Understanding the legalities of “extra charges” in bars and restaurants
In the age of social media, complaints about seemingly excessive charges in bars and restaurants have become a common theme. From surcharges for terrace service to additional fees for ice in drinks, customers often question the legality of these practices. Here, we are delving into the legal aspects and potential abuses of extra charges in the hospitality industry here in the Canary Islands.
Consumer dissatisfaction with extra fees has prompted discussions on the legality of various charges imposed by bars and restaurants. While there isn't an official blacklist specifying allowable charges, there are legal requirements establishments must follow to avoid classifying these fees as illegal or abusive, according to the Organization of Consumers and Users (OCU).
Terrace service, water, bread, and more fall under the regulations outlined in article 60 of the General Law for the Defence of Consumers and Users. The law emphasises the importance of informing customers in advance of any extra costs and obtaining their explicit consent. For example, establishments have the right to charge for terrace service, but customers must be informed in a visible manner. Failure to provide this information can lead to legitimate complaints.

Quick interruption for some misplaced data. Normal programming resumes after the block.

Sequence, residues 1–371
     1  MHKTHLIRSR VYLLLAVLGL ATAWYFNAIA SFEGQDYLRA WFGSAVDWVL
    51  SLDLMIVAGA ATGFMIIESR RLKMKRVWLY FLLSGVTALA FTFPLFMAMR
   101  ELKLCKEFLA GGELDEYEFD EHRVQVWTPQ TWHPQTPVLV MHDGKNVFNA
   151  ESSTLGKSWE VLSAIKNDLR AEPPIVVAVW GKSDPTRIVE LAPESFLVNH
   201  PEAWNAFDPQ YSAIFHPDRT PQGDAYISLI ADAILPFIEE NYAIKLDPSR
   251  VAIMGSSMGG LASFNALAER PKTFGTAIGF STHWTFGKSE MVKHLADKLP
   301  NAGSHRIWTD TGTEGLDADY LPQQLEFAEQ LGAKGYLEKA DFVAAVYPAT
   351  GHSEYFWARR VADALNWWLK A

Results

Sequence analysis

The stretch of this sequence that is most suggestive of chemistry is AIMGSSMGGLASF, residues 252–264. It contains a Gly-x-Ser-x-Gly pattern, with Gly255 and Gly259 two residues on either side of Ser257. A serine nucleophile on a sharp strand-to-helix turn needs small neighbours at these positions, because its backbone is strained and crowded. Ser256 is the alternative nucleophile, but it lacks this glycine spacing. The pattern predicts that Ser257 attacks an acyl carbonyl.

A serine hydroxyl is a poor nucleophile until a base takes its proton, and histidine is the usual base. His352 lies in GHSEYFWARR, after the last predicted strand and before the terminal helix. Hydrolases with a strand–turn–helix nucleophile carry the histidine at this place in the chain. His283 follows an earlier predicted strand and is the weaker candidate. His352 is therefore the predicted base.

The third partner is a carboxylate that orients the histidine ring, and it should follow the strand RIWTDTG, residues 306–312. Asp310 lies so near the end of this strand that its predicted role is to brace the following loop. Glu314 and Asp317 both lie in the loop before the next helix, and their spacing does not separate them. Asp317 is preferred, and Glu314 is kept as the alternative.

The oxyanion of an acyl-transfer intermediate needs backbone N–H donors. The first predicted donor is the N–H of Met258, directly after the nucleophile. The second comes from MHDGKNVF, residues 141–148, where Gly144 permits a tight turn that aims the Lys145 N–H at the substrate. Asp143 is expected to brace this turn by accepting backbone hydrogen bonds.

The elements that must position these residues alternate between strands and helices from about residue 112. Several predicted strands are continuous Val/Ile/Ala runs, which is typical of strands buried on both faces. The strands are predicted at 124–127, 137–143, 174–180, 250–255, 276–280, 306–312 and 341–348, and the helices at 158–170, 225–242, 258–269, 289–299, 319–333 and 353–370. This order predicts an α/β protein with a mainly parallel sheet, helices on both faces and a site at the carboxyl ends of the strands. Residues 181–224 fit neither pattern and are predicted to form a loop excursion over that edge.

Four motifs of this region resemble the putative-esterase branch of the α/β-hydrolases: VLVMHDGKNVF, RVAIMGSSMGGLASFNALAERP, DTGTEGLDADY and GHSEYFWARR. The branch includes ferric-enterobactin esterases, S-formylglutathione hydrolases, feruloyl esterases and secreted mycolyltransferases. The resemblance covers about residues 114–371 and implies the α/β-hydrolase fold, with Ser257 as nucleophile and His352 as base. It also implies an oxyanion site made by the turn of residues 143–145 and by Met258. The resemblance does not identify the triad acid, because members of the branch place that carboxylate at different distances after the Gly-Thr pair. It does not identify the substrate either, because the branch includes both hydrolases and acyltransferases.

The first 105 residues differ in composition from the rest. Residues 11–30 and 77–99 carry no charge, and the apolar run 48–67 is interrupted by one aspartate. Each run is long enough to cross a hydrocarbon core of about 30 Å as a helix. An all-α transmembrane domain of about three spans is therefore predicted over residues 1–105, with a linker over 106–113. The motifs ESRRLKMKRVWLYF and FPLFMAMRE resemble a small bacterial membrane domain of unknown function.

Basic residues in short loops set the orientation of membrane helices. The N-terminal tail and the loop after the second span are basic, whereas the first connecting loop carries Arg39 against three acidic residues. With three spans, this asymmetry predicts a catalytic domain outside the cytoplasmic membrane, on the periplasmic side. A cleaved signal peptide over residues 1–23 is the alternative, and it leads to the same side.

Unordered items, such as appetisers or bread, can only be charged as extras if explicitly stated in the price list. In the case of water, bars and restaurants must offer a free tap jug as an alternative to bottled water, as mandated by the Waste and Contaminated Soil Law. Charging for ice, although technically allowed, is considered abusive by consumer associations.
The concept of cutlery service is also scrutinized, with experts stating that charging separately for such essentials is not legal, as they are considered part of the dining experience. Moreover, any sudden price increases for additional services must be "adjusted" and "distributed proportionally" to avoid being deemed an abusive practice.
Card or cash payment?
The issue of minimum card payments is addressed, emphasising that not accepting cash is illegal, but establishments can refuse card payments if clearly indicated beforehand, or a minimum spend by card. Booking policies, such as not allowing reservations for a single person, while not illegal, may also be deemed unfair by consumer associations.
Menus via QR code:
Since the onset of the pandemic, QR codes have become popular for menu consultations, however, while establishments can offer this service, they are obligated to provide physical menus and price lists, and failure to do so may result in sanctions for lack of information. Also, menus and price lists must include IGIC, it is not permitted to list them without.
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